And I didn’t know what to do.  Pages and pages of notes and I still didn’t know what call the function meant.

So I went to the Q&A Forum to look for help.  And the little code snippet was right in front of me, but I didn’t know where to put it.

Someday – hopefully soon – I will look back on this and laugh.  When I was learning to play golf and poker and started doing CrossFit, I had the same moments.  You feel lost and dumb, but you get through it and laugh at it a few weeks, months or years down the road.

The secret is to keep searching and remember that the answer is out there.  You just have to have the determination to find it.

I was also lucky enough to stumble across The New Boston and his videos on Youtube.  I’ll have to check some out and see if they should get added to the Lesson Plan.

So I finally figured it out after reviewing my notes again and first felt silly that calling the function is what you do at the end of the program and secondly so darn happy when it actually worked.

I know I was basically copying Codecademy’s code, but I helped out and learned and that little spark in me that knows I can do this got a little stronger and burned a little brighter.

In the end, it was a good day.

Paralysis by Analysis

There is just so much out there these days when it comes to learning to code.  I keep hearing there is a shortage of programmers, but you wouldn’t think that with all the resources being built and advertised to teach anyone to code.

I will build a “Resources” page with this blog because others who come after me might find it helpful.

And I love organizing information.  I mean love it.  Give me a mess and all I see is all the fun I will have organizing it.  No joke.

Just since yesterday’s post here is what I have come across:

1.  Dash – learn to make websites with HTML/CSS/JavaScript (HT How to Hold a Pencil podcast)

2.  Again from HtHaP, Jennifer Dewalt built 180 websites in 180 days.  Wow!  She blogs about it here.  Can’t wait to dive in to that.

3.  I asked Reuben Ingber from HtHaP about other useful podcasts and almost immediately he gave me a few, including Novice No Longer.  Listened to the first podcast and it looks perfect for someone who wants to build their own app.  Which of course I do, along with 10 other things.  And thank you to Reuben for continuing to be awesome.

4.  I’m a big reader so I’ve started compiling a list of books to read.  One that caught my attention and held it after I read the introduction was “Learn to Program” by Chris Pine.  May have to swing by B&N on the way home.

5. is a cool looking realtime HTML/CSS editor.  Nathan Bashaw is the proud creator of it.  Another HtHaP interview btw.  Seriously, if you are starting out like me, listen to this podcast.

So yes, I will not want for information in my coding quest, but I need to decide on something and commit to it.

Front-end, back-end, what do I want to build, etc. etc.  I think I’m going to finish up Codecademy (PHP and JavaScript) and then pick one program and stick with it.  In the meantime I’ll continue my research to make sure my time and money is well spent.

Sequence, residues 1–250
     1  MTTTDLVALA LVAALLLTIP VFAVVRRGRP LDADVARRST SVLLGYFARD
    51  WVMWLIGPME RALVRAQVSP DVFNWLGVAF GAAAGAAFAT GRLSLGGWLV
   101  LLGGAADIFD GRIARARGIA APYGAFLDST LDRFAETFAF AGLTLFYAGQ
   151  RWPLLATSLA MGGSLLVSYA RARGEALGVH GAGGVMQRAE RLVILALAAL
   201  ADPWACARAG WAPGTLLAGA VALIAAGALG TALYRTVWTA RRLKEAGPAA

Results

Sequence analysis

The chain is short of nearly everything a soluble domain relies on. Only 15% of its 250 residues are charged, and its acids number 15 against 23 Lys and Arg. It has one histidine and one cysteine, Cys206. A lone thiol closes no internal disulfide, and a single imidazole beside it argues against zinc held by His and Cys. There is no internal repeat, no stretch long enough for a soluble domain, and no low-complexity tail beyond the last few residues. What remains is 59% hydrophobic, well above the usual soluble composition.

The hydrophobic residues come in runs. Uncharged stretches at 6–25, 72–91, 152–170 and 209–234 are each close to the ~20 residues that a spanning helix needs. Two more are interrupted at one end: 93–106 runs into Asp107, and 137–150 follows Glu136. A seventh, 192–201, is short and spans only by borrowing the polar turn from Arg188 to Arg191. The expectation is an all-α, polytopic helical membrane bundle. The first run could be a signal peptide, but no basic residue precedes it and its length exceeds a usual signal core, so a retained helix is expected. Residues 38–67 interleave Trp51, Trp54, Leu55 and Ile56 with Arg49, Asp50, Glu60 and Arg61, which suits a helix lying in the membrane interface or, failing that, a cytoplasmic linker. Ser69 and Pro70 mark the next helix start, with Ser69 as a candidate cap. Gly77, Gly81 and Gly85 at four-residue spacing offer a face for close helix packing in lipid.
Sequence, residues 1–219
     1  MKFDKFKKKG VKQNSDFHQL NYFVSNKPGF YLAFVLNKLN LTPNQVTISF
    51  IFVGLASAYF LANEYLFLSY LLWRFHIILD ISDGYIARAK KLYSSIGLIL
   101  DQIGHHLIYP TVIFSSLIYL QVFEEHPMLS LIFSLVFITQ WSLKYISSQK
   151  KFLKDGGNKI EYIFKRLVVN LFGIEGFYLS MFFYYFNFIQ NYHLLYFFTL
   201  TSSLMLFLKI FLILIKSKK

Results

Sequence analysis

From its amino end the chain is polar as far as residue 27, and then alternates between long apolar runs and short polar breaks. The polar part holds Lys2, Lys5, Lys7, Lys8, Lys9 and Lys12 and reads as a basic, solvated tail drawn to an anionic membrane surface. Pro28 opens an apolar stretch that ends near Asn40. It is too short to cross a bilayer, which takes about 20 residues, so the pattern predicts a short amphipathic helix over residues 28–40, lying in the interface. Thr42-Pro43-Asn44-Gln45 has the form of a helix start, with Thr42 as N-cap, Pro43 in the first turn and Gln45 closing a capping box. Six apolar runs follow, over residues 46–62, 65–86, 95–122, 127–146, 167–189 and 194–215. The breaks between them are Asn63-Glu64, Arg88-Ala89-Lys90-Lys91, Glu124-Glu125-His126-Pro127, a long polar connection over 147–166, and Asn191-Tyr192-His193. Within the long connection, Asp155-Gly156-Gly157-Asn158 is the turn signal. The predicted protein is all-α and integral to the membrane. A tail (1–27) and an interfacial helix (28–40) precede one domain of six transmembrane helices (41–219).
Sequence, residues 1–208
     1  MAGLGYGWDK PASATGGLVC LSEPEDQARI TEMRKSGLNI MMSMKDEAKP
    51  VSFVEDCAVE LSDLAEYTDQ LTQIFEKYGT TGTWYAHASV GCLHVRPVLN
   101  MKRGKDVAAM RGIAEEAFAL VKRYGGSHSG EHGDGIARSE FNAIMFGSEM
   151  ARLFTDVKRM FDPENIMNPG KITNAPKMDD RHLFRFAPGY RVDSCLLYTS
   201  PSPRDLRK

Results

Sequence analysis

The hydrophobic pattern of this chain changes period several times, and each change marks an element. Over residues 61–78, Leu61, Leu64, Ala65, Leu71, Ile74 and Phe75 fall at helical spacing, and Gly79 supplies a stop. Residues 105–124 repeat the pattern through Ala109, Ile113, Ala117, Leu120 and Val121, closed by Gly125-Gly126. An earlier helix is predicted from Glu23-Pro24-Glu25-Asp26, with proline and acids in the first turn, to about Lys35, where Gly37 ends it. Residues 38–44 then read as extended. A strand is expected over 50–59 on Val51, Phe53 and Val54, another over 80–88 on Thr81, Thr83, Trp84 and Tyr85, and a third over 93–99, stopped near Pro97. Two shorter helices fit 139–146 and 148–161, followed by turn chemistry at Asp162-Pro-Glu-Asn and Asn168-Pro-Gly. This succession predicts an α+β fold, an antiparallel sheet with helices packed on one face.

I know after picking up golf and poker over the years I get addicted to learning, I just want to make sure I learn the “right” stuff at the right time.

More to come.

Where I’m At

Here is the Cliff Notes of my coding journey so far:

About six months ago I started at Codecademy.  I did the HTML/CSS tutorials and started PHP (because my blog is on WordPress).

And then my son was born in September 2013.  That is a whole other story, and probably a whole other blog.

So I’m finally getting into the swing of work, baby duty and husband duty.  My wife is amazing and so far we have been lucky enough to have her stay home with the baby.

But a few things happened that have brought me to this point:

1.  I wanted my blog at to look cool…

2.  So I read “HTML for Dummies”…

3.  Which helped and allowed me to make some basic changes to my posts and pages, but I realized I needed some CSS education.  I like the way Codecademy says if HTML is the bones than CSS is the skin of a website.

4.  Codecademy helped, but I didn’t learn how to take the limited HTML/CSS knowledge I had and actually change my blog.  In other words, what the heck is an editor?  I’m still working on this btw and have started reading WordPress for Dummies.

5.  I discovered WordPress (which my blog is built on) uses PHP, so I started the PHP tutorial on Codecademy.  But the baby came and coding was the last thing on my mind.

6.  So I’m at work one day recently and I get my daily email from Very Short List.  And one of the links is to How to Hold a Pencil.  I forget why I clicked it, I think it was something about a guy who built his own app after he taught himself to code.

7.  Eureka!  The saying is when the student is ready the master will appear.  So I download one podcast and another and another.  These people are doing what I want to do.  Reuben Ingber, I don’t know if you drink, but if we every meet, I’m buying you a beer.

8.  So one of the podcasts is with Natasha the Robot.  She is amazing.  I went home that night and bought her e-book.  And I reviewed it on Amazon and Goodreads.  Loved it!  She makes you feel like learning to code is worth the sacrifice and can be done by mere mortals.

9.  The latest podcast on How to Hold a Pencil is with Mattan Griffel, founder of One Month Rails.  I’m thinking I may sign up for the course, although I’m still researching options and haven’t decided just yet.

10.  I also read Josh Kaufman’s book The First 20 Hours and one of the skills he teaches himself is programming and the language he chose is Ruby.

And finally, as I mentioned in my About G page, I had a relative tell me that learning to code was near impossible if I didn’t study computer science in college.

I’m learning to code for myself and my family’s future, but that comment really stuck with me and just made me burn.  Still does actually.

It may take even longer than I think with all my responsibilities (I’m thinking 2-3 years easy), but I’ll see that relative someday and we will have a much different conversation.